0   0000 T
1   0001 F
2   0010 F
3   0011 F
4   0100 F
5   0101 F
6   0110 F
7   0111 F
8   1000 F

9   1001 -> 000
(0)    0000 T
(1)    0001 F
10   1010 -> 001
(2)    0010 F
(3)    0011 F
11   1011 -> 010
(4)    0100 F
(5)    0101 F
12   1100 -> 011
(6)    0110 F
(7)    0111 F
13   1101 -> 100
(8)    1000 F

(9)    1001 -> 000
14   1110 -> 101
(10)    1010 -> 001
(11)    1011 -> 010
15   1111 -> 110
(12)    1100 -> 011
(13)    1101 -> 100
etc

For each round, you have a 1 in 9 chance of returning true, and otherwise you go on to the next round.
 « Last Edit: Jan 1st, 2012, 6:16am by towr » IP Logged

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Grimbal
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 Re: Biasing a fair coin   « Reply #15 on: Jan 2nd, 2012, 5:08am » Quote Modify

on Dec 31st, 2011, 10:56am, krishnav wrote:
 consider this: n = 9; so range is 16; if we generate random=10 the first time, we make random=1 and range = 7; so in one more flip range will be more than n, but random is guaranteed to be < n and isn't 0, so we return false. this means if we get 10, 11 or 12 the first time, we'll return false in the next round no matter what. isn't it?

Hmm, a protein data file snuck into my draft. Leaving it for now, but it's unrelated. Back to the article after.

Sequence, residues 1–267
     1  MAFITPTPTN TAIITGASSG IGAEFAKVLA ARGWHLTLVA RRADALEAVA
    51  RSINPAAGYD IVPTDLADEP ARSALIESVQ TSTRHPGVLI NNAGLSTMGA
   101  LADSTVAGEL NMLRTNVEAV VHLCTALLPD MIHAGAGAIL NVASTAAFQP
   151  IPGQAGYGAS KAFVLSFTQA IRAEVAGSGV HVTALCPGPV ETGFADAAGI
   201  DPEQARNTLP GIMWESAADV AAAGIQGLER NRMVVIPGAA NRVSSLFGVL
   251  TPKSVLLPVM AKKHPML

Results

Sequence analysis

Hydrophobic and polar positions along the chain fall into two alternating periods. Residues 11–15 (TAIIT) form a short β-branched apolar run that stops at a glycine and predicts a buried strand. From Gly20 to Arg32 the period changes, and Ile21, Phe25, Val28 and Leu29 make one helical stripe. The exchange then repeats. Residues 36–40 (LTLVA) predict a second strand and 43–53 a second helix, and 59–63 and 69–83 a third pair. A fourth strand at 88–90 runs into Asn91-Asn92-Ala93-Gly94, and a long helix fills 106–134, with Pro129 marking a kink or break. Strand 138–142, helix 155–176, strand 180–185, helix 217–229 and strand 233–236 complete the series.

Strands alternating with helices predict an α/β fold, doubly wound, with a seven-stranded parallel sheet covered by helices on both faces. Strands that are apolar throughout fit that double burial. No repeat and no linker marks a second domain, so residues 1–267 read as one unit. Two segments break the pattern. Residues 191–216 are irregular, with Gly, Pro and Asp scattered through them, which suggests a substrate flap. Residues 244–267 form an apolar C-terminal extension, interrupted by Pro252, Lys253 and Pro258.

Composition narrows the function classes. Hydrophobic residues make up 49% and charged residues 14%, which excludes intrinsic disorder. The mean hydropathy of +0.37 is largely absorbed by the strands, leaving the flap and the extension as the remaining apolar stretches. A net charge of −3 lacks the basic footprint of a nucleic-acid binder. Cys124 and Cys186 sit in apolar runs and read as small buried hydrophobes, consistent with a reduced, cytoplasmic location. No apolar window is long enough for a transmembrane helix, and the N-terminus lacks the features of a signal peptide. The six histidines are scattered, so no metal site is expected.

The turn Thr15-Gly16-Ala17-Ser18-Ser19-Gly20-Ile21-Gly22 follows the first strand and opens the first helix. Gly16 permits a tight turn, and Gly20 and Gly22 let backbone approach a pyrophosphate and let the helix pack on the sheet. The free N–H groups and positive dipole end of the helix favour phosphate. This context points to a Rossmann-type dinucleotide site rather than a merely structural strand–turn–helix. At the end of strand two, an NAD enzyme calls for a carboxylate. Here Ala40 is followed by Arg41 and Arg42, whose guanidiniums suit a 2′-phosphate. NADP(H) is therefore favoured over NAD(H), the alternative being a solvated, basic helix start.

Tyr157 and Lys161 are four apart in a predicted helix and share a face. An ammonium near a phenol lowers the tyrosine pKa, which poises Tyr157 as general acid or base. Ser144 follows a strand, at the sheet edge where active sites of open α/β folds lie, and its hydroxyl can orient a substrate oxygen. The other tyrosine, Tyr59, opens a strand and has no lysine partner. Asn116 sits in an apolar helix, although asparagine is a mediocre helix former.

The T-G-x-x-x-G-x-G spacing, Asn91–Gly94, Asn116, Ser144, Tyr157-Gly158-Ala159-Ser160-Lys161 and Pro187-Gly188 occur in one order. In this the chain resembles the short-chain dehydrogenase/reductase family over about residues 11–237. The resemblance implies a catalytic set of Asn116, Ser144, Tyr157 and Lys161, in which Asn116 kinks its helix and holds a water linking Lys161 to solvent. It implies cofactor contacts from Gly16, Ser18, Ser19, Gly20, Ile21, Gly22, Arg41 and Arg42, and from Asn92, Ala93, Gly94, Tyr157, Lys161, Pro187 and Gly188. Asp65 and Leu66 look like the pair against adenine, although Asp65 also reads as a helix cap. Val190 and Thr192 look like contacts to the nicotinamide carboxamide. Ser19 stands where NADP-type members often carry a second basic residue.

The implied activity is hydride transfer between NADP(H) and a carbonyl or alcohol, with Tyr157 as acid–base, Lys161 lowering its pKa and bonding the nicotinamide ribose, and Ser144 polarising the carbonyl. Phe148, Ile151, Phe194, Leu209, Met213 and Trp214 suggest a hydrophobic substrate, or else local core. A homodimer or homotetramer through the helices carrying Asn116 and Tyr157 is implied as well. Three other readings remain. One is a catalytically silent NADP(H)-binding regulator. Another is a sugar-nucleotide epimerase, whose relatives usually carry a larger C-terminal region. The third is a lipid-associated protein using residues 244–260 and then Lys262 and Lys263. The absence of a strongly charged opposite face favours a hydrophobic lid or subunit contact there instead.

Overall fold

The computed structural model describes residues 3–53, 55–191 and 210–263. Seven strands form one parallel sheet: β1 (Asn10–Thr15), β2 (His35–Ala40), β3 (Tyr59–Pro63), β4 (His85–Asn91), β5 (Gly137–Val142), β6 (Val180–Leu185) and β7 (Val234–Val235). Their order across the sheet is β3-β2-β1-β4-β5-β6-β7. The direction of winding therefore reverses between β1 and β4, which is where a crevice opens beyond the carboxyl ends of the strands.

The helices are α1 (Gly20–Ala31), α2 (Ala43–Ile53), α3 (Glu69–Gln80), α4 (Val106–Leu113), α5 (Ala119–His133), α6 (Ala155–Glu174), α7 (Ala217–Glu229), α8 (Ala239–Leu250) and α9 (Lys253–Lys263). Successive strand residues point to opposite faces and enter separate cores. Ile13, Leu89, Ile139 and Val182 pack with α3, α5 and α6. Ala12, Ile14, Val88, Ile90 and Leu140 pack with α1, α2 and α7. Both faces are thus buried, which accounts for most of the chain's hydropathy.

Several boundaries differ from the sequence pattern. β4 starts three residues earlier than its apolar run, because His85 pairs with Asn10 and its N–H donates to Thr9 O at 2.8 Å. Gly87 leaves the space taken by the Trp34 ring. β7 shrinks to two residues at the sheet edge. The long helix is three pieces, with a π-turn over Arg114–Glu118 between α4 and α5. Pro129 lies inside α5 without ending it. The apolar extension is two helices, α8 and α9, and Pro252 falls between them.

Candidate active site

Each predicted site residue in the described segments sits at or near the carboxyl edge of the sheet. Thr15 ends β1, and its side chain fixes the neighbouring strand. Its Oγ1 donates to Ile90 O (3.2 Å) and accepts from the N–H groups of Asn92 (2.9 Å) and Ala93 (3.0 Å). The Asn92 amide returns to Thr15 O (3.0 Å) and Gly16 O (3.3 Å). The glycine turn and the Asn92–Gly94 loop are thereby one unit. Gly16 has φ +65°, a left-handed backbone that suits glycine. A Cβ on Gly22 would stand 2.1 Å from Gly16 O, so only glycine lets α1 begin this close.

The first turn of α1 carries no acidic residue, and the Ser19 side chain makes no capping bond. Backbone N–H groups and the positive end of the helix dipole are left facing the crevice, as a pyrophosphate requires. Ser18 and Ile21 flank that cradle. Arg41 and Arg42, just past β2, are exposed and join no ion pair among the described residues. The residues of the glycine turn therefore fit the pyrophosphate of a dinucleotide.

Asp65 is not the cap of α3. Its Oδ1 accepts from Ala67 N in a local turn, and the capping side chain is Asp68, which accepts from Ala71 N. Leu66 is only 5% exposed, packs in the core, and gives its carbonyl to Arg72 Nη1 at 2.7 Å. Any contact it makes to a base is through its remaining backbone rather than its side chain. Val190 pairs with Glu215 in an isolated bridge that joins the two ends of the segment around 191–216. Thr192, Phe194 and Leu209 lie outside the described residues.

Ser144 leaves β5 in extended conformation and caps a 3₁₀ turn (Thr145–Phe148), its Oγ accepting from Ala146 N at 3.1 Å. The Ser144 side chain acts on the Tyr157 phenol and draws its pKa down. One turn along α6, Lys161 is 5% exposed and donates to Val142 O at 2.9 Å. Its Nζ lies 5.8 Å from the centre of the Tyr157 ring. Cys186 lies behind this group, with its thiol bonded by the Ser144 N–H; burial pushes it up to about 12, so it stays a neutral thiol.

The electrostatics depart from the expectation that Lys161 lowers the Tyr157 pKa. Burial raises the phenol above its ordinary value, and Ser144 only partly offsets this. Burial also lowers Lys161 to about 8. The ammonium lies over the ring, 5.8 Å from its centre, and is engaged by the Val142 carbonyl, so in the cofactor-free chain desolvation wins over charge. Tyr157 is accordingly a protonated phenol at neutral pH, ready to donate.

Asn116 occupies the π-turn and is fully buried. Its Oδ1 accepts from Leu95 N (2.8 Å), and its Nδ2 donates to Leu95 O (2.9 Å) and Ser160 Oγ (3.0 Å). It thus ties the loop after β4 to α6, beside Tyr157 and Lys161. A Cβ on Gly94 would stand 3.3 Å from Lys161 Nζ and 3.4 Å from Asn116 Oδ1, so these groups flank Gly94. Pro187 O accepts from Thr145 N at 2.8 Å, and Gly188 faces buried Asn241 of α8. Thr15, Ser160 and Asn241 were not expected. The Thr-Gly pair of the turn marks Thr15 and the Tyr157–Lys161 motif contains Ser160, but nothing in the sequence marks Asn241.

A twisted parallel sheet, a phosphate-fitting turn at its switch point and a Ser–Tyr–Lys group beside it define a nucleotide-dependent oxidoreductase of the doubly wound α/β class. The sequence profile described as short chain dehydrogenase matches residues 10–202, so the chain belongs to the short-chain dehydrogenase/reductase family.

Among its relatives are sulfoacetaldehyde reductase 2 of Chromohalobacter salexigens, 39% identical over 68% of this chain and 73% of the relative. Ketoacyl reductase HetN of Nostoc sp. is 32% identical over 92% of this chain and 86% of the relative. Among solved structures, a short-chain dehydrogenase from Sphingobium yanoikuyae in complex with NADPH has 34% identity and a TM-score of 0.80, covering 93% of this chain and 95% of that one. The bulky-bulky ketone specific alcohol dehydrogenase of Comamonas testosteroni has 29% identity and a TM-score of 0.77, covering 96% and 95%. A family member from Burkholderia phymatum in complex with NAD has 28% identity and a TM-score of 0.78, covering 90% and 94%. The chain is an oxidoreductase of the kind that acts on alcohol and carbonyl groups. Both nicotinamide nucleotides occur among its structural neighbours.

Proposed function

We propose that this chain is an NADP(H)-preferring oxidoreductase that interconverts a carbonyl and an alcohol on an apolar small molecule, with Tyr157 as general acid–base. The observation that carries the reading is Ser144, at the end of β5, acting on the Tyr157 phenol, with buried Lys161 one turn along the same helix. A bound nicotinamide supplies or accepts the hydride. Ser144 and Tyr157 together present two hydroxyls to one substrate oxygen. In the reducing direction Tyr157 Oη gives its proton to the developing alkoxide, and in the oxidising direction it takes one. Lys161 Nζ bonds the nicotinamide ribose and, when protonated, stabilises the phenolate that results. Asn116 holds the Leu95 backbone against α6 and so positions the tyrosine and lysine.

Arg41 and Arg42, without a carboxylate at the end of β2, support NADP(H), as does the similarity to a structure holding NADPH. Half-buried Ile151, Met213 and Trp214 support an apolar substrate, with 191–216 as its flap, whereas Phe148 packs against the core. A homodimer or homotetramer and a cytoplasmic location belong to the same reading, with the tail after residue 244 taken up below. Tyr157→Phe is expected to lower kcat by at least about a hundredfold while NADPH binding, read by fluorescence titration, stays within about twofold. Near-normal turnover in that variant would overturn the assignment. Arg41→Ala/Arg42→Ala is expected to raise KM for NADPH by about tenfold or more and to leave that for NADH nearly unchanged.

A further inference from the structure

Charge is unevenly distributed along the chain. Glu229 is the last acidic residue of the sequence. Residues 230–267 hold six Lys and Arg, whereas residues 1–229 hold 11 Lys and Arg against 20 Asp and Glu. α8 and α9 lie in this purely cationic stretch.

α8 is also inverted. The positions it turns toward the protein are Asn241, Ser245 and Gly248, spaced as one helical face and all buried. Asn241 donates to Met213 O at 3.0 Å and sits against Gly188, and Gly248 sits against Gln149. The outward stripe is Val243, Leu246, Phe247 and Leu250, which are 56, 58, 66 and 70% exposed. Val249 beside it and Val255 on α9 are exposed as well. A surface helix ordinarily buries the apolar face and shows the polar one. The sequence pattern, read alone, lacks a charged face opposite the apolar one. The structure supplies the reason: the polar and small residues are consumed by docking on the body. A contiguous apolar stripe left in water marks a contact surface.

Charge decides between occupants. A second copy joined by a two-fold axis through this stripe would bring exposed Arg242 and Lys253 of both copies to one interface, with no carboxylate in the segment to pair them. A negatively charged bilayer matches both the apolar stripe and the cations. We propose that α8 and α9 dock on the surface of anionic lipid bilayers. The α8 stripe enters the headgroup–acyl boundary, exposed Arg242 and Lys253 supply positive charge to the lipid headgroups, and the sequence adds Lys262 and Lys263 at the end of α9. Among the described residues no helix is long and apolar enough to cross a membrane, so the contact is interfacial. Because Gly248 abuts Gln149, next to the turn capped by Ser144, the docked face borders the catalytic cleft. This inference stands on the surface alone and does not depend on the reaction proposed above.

That's right, in some cases we don't actually need the last fairFlip.

Indeed, with n=9, if the first 2 flips return false then true then the random value will be in range 4..7 and the flip function will return false regardless of the 3rd and 4th fairFlip.

What happens is that I used a method designed to generate a number in range 0..n-1 and then test if it is 0 to return true with probability 1/n.  We can use fairFlip more sparingly using a method like in replies #5 and #6.
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Grimbal
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 Re: Biasing a fair coin   « Reply #16 on: Jan 2nd, 2012, 5:39am » Quote Modify